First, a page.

Both the Archdaily series and the local production principle relied on the dissemination of ideas that transcend geographic boundaries and existing communications infrastructure. In other words, Biennales —and architecture itself— are first and foremost a space for discussion.
In spite of the above successes, our in-person and remote experiences in Shenzhen make us believe that there are at least two aspects of a traditional Architecture Biennales that must be preserved. The first is the richness that comes from physical encounters between like-minded professionals in a shared space. It is the same atmosphere that one finds at events such as Milan Design Week, a veritable Woodstock of design. Physical space has the unique power of facilitating serendipitous connections and bridging social divides. We are forced to encounter, and perhaps even understand, the people who share our spaces.
The second element we must preserve is how a physical Biennale, beyond acting as a place to exchange ideas, can actively accelerate the pace of urban evolution. New environmental factors—pandemics today, but more generally climate change and the Internet of Things—are emerging in our cities every day. In this ecosystem, innovative temporary exhibitions are like new mutations in the urban genetic code. In the face of rapid change, we must facilitate rapid experimentation and adaptation. This is happening all over the world because of COVID-19: temporary bike lanes or outdoor terraces could help reprogram our cities for the post-pandemic future. In Shenzhen, a large, empty hall could be reconfigured based on how we used it for the “Eyes of the City” Exhibition inside Futian Railway station - one of the two main venues of the Biennale.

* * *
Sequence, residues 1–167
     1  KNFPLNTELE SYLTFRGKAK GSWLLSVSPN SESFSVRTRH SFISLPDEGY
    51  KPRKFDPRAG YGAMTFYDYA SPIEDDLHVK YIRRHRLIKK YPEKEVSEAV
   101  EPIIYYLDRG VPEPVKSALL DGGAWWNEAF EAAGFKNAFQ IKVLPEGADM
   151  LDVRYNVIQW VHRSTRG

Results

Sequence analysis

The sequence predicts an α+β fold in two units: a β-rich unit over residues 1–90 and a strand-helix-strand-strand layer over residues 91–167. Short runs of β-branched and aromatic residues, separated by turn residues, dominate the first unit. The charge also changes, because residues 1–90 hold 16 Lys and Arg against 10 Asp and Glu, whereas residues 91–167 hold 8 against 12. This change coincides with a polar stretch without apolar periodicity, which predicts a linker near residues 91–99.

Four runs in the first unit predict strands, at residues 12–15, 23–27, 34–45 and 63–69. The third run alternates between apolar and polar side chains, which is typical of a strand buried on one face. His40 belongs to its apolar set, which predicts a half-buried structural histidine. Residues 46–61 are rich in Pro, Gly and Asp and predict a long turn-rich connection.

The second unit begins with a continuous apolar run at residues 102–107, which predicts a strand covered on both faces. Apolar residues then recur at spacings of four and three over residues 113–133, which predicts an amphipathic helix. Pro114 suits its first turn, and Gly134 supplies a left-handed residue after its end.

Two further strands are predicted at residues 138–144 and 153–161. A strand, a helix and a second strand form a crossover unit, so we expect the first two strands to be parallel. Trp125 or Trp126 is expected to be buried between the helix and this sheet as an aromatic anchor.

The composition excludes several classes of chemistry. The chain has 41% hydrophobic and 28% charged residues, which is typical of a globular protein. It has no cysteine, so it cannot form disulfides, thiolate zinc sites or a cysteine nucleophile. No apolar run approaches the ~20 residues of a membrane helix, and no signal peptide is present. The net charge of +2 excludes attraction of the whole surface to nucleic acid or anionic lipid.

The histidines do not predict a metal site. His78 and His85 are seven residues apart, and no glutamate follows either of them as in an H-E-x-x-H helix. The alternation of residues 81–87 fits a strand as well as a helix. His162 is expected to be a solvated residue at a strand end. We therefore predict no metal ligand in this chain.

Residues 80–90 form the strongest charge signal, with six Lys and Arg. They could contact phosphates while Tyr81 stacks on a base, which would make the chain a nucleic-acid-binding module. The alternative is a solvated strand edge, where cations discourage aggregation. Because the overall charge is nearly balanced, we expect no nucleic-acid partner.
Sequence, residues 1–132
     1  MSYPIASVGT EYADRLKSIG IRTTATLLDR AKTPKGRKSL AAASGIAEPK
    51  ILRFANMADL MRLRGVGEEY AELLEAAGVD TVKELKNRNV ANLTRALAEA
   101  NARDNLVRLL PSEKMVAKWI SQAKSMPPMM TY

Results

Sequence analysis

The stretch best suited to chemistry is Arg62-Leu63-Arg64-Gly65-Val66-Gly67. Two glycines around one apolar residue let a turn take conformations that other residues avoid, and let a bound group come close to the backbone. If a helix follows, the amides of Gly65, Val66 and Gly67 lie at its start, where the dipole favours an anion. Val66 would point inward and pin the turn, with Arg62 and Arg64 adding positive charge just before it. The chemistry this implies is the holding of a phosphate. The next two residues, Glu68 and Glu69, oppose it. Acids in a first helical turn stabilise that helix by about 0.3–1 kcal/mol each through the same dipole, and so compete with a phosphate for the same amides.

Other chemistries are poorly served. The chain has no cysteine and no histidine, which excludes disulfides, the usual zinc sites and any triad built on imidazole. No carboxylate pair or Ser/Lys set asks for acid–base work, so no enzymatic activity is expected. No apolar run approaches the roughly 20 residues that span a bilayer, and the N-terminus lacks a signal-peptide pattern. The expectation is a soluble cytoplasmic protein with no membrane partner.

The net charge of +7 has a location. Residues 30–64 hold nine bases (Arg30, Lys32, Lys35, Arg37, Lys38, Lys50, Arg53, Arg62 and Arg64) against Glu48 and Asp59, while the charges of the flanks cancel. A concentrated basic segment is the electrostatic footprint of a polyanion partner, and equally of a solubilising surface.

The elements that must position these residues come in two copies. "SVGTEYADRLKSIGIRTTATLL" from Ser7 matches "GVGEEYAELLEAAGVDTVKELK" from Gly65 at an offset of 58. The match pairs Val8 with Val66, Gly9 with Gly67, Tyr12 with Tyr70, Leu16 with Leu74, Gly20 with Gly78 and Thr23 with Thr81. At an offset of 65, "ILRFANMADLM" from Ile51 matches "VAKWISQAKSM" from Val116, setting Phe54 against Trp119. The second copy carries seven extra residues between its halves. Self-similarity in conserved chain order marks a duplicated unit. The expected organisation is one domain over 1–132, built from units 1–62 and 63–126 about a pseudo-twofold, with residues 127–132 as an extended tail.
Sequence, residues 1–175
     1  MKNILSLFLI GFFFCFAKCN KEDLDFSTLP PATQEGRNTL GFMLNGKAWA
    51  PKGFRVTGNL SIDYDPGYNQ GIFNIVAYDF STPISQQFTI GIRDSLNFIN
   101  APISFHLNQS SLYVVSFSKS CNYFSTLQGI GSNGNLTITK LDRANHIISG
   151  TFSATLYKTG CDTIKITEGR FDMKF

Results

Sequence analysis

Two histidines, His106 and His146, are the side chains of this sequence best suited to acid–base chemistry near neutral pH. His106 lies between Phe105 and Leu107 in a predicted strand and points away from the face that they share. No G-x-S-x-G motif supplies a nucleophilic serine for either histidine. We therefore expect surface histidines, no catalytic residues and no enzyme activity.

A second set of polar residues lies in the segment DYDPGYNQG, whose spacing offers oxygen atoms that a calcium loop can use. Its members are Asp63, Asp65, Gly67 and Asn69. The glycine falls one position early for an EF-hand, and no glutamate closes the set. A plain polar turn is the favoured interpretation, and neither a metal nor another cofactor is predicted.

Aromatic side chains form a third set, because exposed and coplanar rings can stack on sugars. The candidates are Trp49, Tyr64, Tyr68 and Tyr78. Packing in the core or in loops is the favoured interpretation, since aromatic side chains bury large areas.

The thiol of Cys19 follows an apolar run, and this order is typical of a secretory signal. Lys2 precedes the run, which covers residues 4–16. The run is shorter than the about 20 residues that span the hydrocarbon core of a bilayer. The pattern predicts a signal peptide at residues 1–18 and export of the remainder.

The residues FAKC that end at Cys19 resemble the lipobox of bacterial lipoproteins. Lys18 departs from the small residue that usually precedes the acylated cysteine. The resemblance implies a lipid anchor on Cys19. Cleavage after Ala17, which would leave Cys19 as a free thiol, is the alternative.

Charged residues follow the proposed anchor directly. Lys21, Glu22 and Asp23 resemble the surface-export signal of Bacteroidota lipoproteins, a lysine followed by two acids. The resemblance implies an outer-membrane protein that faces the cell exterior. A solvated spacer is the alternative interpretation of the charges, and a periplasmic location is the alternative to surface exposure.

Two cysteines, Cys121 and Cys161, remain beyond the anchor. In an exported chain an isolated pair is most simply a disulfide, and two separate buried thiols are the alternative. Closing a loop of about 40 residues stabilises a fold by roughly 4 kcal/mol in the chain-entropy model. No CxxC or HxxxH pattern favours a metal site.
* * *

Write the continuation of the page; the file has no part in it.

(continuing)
Beyond reconfiguring the space itself, the in-person period of the exhibition allowed us to play with new technologies within it. We asked visitors to register at the “info points” designed by MVRDV, and then to choose among two options: to be facially tracked by a technological system embedded in the venue (with the benefit of gaining extra information about the exhibits), or opt-out. Interestingly, most people among those who registered preferred not to be tracked, surrendering parts of the experience in exchange for invisibility to the facial recognition system. It was a thought-provoking, if surprising, insight, adding to the crucial debate on the ownership and sharing of personal data at the intersection between physical and digital worlds. Since COVID-19 struck, the risks associated with intelligent technological systems have been further complicated by their potential for contact tracing and remote work, among other public health benefits. The built environment provided us with a unique venue to engage with cities and new technologies.
For such reasons, we are confident that in-person Biennales will return, and we are hopeful that they will do so in a more sustainable, accessible form than their predecessors, which COVID-19 cut short. These cherished exhibitions can shed their encyclopedic ambitions and nationalistic distractions without losing an ounce of their ambition. Biennials are platforms for information exchange, venues for human connection, and monuments to the collective devotion of architects the world over. They are one of many tools that we must employ if we are to build and refine the city of tomorrow.
“Eyes of the City” Curatorial Team: Carlo Ratti, Michele Bonino, Sun Yimin, Daniele Belleri, Edoardo Bruno, Xu Haohao, Valeria Federighi, Claudia Mainardi, Monica Naso, Erika Bettega, Camilla Forina, Xingxin He, Jiachen Lin, Xian Lu